WETUMPKA, AL (WSFA) - From Washington to Montgomery the debt talk is the talk with a lot of people.
"No compromise!," tea party activists yelled in unison in Congresswoman Roby's office.
This is where 20 members of the Wetumpka Tea Part showed up with a request for Mrs. Roby; sign their 'Cut, Cap and Balanced Budget' pledge.
"We know the debt ceiling may be raised which we are against but if it's going to raised we believe there should be conditions in placed," said Wetumpka Tea Party President Becky Gerritson.
The pledge in essence is a series of stipulations, a promise from lawmakers to push for substantial cuts, cap on spending and a balanced budget amendment.
President Barack Obama has said Social Security checks may not go out if this country defaults on its $14 trillion deficit in early August.
Mike Holmes for one resents that notion because he says he doesn't believe Mr. Obama.
"This move is not necessary," said Holmes.
The anger in Roby's office was controlled but not aimed at the congresswoman, more towards the financial situation the country finds itself in, a government reportedly taking in $150 billion a month but spending nearly $300 billion a month.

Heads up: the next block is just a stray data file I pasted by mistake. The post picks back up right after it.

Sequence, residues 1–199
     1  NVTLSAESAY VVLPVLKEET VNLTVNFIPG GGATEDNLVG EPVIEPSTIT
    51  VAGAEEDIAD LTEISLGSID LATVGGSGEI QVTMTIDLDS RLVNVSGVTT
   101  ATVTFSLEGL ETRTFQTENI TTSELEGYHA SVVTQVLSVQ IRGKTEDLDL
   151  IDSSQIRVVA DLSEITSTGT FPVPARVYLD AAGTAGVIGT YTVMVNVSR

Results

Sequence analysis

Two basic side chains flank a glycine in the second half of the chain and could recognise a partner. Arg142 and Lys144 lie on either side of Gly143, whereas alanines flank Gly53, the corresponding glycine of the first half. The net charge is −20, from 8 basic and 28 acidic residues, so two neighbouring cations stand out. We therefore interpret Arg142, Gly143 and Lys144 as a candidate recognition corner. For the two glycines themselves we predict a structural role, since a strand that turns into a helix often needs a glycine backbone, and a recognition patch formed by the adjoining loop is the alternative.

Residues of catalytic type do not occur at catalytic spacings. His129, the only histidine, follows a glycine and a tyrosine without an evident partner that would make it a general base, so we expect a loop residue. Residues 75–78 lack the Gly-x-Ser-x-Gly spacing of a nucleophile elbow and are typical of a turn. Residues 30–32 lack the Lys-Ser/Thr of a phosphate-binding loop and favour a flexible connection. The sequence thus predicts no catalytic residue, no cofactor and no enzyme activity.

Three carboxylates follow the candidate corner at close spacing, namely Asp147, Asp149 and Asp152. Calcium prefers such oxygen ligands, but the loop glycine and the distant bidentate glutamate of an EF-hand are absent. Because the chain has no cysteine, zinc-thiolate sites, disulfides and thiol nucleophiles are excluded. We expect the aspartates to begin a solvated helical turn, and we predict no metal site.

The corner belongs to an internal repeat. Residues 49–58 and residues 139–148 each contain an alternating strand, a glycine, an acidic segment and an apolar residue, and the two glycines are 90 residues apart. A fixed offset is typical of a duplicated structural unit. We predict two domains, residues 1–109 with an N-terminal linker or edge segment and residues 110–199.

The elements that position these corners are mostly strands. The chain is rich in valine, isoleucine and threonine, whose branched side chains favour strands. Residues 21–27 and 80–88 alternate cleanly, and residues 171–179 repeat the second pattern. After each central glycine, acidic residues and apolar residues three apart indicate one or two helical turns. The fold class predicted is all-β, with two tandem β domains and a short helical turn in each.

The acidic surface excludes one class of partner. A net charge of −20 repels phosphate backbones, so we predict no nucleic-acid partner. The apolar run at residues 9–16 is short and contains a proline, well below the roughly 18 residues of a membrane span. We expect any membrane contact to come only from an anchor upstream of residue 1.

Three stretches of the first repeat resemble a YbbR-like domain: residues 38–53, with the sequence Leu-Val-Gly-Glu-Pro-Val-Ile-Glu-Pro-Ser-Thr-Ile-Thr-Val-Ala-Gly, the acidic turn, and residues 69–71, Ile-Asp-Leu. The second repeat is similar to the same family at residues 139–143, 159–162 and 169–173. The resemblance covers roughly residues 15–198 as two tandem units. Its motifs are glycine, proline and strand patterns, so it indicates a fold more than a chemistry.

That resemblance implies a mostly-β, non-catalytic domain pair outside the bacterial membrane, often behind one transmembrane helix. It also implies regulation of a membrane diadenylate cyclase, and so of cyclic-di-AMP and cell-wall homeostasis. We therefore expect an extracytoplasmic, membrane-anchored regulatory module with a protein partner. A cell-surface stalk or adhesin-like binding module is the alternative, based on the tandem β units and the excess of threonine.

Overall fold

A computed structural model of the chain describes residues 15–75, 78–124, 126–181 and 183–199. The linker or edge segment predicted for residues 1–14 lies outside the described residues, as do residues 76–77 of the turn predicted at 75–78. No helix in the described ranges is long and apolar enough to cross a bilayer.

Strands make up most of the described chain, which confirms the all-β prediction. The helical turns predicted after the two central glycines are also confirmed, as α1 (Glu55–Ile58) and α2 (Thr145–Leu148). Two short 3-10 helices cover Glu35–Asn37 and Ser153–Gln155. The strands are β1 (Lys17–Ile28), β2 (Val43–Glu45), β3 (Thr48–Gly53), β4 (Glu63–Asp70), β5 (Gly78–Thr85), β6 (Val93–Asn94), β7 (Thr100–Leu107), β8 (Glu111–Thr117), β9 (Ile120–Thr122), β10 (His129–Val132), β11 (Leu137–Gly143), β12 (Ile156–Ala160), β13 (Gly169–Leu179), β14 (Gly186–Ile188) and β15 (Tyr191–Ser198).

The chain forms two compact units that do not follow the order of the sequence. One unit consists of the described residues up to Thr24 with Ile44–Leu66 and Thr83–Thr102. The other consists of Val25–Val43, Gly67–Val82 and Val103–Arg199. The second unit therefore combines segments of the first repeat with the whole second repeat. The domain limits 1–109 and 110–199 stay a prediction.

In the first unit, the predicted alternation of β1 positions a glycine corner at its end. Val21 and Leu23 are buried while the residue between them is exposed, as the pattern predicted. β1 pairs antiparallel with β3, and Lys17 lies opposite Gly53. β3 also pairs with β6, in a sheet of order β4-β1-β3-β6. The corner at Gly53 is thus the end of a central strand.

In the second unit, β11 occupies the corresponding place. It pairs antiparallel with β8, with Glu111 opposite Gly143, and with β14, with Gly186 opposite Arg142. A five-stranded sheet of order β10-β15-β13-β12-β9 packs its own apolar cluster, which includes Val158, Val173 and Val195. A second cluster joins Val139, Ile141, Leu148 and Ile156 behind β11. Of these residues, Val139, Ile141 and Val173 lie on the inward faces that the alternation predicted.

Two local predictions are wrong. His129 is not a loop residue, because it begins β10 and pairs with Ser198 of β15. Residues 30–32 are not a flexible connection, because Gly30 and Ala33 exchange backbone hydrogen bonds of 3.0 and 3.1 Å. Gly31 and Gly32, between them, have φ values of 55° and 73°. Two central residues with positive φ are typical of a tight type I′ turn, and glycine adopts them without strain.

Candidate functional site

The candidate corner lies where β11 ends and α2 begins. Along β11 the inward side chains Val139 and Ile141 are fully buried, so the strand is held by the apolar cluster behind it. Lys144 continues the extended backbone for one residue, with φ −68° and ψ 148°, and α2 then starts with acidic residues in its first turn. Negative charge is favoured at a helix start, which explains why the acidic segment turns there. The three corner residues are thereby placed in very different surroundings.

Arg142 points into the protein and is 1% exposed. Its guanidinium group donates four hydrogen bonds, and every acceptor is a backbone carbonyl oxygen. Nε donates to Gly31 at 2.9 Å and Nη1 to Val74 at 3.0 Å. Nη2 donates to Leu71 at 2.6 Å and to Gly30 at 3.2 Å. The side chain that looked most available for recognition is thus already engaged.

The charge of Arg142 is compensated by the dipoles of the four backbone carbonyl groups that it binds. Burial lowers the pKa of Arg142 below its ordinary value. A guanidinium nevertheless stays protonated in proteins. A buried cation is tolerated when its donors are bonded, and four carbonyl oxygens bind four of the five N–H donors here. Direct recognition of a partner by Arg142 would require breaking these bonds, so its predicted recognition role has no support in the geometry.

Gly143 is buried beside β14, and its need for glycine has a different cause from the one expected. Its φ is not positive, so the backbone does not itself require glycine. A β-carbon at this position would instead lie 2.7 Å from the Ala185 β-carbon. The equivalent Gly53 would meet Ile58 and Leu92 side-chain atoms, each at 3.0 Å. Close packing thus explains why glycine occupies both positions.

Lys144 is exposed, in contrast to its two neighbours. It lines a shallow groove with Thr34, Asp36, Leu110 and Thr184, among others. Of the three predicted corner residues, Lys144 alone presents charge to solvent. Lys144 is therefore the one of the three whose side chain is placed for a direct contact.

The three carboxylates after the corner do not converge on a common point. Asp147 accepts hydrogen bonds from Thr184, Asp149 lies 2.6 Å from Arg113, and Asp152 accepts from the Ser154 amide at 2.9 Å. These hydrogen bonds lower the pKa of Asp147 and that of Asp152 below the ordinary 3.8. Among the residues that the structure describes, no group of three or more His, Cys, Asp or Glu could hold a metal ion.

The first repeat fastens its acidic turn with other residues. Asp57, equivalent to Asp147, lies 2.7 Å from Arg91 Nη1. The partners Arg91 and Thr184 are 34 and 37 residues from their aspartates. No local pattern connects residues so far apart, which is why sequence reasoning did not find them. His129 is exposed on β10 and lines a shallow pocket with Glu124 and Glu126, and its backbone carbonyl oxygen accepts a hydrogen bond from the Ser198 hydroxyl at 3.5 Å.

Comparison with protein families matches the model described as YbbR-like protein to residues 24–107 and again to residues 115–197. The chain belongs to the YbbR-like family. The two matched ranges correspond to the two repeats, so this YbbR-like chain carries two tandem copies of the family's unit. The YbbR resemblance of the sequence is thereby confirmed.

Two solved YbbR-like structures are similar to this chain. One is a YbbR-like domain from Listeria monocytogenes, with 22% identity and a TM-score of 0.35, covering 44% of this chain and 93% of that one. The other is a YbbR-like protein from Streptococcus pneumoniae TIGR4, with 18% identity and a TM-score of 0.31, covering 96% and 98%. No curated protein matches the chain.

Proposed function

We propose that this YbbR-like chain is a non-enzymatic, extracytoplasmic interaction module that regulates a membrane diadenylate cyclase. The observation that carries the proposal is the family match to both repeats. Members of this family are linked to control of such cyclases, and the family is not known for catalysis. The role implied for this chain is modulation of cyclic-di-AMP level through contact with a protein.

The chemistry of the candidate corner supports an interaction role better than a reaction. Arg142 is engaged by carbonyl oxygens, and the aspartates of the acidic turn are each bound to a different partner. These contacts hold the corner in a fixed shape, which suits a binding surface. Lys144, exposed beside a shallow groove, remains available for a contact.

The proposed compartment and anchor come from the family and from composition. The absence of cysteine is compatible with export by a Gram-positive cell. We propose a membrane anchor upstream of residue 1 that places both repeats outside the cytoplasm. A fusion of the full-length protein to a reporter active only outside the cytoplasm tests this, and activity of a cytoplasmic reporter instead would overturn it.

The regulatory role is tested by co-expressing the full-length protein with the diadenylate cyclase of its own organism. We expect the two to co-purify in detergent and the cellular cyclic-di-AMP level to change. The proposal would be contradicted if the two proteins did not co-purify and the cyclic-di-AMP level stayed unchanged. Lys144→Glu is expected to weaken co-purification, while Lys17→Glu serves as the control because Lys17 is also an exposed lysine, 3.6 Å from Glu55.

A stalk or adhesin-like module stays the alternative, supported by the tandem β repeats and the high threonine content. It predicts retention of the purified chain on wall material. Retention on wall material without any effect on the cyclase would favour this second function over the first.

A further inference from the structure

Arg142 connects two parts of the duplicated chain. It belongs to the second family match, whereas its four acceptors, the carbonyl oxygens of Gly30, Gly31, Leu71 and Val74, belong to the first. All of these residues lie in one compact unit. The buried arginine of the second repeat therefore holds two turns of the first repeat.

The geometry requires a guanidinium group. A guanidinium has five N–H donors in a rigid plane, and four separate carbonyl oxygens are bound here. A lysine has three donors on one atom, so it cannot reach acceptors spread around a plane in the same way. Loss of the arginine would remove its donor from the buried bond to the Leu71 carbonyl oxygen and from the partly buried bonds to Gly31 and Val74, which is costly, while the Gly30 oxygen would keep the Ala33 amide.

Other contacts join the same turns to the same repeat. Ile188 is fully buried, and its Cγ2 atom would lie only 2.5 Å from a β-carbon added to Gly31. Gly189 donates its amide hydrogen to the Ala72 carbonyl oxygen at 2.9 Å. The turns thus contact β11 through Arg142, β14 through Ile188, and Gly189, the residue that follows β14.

Outside the tea party and Mrs. Roby's office Daniel Hughes with Summit America has a background in finance and banking. He agrees with the tea party the debt is a real problem requiring real solutions but feels there's room to be optimistic.
At least they're talking about it, says Hughes.
"Fiscal sanity will come back. The only question is who will impose it. Will it be the political process or creditors?" Hughes said.
In the end Congresswoman Roby declined to sign the pledge claiming it could have unintended consequences.
Put it another Mrs. Roby feels this is not a good time to sign anything because the situation between the The White House and Congress is too fluid, too much of a guessing game. Roby also adds that even if she did sign it, it wouldn't pass the U.S. Senate where the Democrats have the majority, but the congresswoman tells WSFA 12 News she agrees with pledge in principle.
"I'm disappointed but if they can get a balanced budget amendment passed, then the rest will take care of itself," said Gerritson.
Believe it or not there was a time when the country had a surplus. Before 9/11 the government was more than $1 trillion in the black.
Government records show the debt has increased $500 billion a year since 2003.